Responsible cultural development evokes an image reminiscent of the earth as a garden, tended by humans with the goal of creating a “communal home” within which nature, technology, and culture are in harmony and there is a meaningful place for everyone living and everything that lives. Foremost in that picture is an integral coherence in which every thing participates, all the while retaining its own individual value or nature. Before getting involved in scientific-technological activities, one needs to respect this intrinsic value of things. Every human activity should begin with caring contact and respectful treatment. Creation and its creatures have to be dealt with according to their nature; otherwise, life will disappear. This is no idolization of nature; on the contrary, it is acknowledging the care of the Creator, a care we are to imitate. Technology and the economy ought to be directed to inhabiting the garden and to maintaining and strengthening every living thing.

The metaphor of a garden developing in the direction of a communal home also expresses the human connection with and dependence on the whole of the creation. Reality is given to us. We are not its lord or master, but creation’s guardians and caregivers. We are allowed to unpack and unfold creation. Just as we carefully unwrap a precious gift, we should treat the gift of God’s earth with a sense of awe and gratitude. A change in attitude and behavior is called for.

This image of the garden is also clearly linked to the original meaning of oikonomos (oikos house + nemein to manage). Caring, keeping, cherishing, and protecting go hand in hand with cultivating, harvesting, and producing. In the cultural paradigm of the managed garden, accelerated increases in scope and scale will be transposed to levels that will benefit the coexistence of human beings and the creation. The carrying capacity of nature will be respected and the goal of long-term occupancy set the direction for sustainable cultural development. Sustainability is possible within the metaphor of the garden. Technology, along with the economy, need not travel the road of manipulation, extortion, and pollution. As World Bank economist Herman Daly puts it, they should maintain the fruit-bearing capacity of the earth and, where possible, increase it. What we take from the earth should be offered to all human beings but limited to what we can use and enjoy, now and in the future. Responsible cultural development means living off the interest of the capital given to us, but it does not allow us to touch or deplete the capital sum itself. This notion of living off the interest fits well with human beings as stewards. (And even though some refuse to use the term, what it entails is nevertheless often very attractive to their enlightened self-interest.)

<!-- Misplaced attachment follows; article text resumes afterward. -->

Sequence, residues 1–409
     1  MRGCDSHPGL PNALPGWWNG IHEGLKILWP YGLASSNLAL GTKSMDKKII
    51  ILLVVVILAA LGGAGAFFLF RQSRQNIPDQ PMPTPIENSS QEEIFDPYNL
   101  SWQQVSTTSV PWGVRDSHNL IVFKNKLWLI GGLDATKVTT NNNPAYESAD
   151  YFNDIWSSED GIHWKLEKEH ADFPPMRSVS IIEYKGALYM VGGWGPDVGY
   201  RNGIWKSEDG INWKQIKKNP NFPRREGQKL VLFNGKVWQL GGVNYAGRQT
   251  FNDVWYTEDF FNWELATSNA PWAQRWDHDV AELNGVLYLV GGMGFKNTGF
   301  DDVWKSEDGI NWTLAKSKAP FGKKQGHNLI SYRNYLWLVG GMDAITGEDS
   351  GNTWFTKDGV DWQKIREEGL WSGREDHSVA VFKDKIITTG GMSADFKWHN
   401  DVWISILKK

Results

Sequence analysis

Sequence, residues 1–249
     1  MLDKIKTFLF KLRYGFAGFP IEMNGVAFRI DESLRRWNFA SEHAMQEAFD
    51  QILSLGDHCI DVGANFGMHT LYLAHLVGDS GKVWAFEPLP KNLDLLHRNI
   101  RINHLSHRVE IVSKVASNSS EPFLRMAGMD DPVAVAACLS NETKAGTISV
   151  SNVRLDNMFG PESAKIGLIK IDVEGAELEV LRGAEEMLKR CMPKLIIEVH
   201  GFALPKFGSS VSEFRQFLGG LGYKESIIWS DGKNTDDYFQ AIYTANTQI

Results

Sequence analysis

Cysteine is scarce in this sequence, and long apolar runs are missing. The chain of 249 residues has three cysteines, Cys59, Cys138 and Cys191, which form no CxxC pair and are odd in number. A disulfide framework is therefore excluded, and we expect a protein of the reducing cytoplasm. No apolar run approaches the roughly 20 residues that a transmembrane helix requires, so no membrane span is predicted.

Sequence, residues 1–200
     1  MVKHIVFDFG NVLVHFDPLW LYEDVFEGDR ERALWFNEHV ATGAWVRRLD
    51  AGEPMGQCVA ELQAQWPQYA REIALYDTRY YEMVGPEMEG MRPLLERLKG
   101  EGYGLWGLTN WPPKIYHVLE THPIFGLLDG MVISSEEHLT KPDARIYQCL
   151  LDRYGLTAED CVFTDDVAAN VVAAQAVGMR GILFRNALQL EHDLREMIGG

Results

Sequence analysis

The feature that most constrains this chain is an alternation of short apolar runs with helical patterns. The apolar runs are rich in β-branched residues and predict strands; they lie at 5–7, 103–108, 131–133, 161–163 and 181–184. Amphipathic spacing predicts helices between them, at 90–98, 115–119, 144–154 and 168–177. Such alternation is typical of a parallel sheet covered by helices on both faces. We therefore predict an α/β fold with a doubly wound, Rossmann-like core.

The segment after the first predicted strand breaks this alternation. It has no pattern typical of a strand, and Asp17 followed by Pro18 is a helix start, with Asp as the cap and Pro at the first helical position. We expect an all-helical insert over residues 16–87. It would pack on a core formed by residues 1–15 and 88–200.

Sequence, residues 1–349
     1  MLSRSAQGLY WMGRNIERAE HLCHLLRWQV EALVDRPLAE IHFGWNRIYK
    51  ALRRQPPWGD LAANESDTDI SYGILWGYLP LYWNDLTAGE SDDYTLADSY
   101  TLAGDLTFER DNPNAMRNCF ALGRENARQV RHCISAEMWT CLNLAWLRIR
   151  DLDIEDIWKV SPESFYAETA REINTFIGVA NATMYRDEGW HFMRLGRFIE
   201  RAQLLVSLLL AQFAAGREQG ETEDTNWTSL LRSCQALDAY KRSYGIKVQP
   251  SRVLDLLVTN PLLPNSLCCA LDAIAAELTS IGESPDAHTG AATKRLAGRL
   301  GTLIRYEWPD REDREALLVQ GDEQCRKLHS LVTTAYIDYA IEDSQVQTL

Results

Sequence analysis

The cultural picture sketched here differs from the current one and calls for a fundamental reorientation of the technological-economic order. It allows room for growth, but growth that is more proportional and selective. Besides the technology and economy involved in building and producing, more attention needs to be given to maintaining, protecting, conserving, guarding, and caring for—in a word, preserving—the diversity of life forms in the plant and animal kingdoms. Ecology, technology, and the economy will be in equilibrium as long as the natural cycles are not broken and the natural resources do not dry up. The whole earth will come to be seen as one big garden city.

While we must hang on to the original image of the garden that is unfolding in the direction of a communal home, it is also true that the conditions under which human beings are allowed to work in the garden were severely altered by the fall into sin. Since the breach between God and those who were to image him, thorns, thistles, and death abound, and their effects are evident in technology, too. Through God’s love in Christ, there is a new perspective for the sin-marred creation. The meaning of it all beckons: the Kingdom of God. Acknowledging this implies struggle. This struggle is inherent to the human position. To orientate oneself to that Kingdom differs enormously from the materialistic and hedonistic attitude of our age: “What good will it be for a man if he gains the whole world, yet forfeits his soul? Or what can a man give in exchange for his soul?” (Matthew 16:26).

11. An Ethics of Responsibility

Which ethical approach is best suited to cover the described ethical deficit of love in the current ethics of technology?

Deontological and teleological approaches to ethics are centuries old, but they no longer fit the dynamic and complex phenomenon of modern technology. Technology is no longer only characterized by the relationship between people and their tools. Due to the influence of science on technology, it has become a dynamic system with global ramifications. Modern technology is likewise intertwined with big business. This complex of scientific, technological, and corporate powers has become a dynamic force with so many members in the cast that an alternative to the older ethical approaches is called for.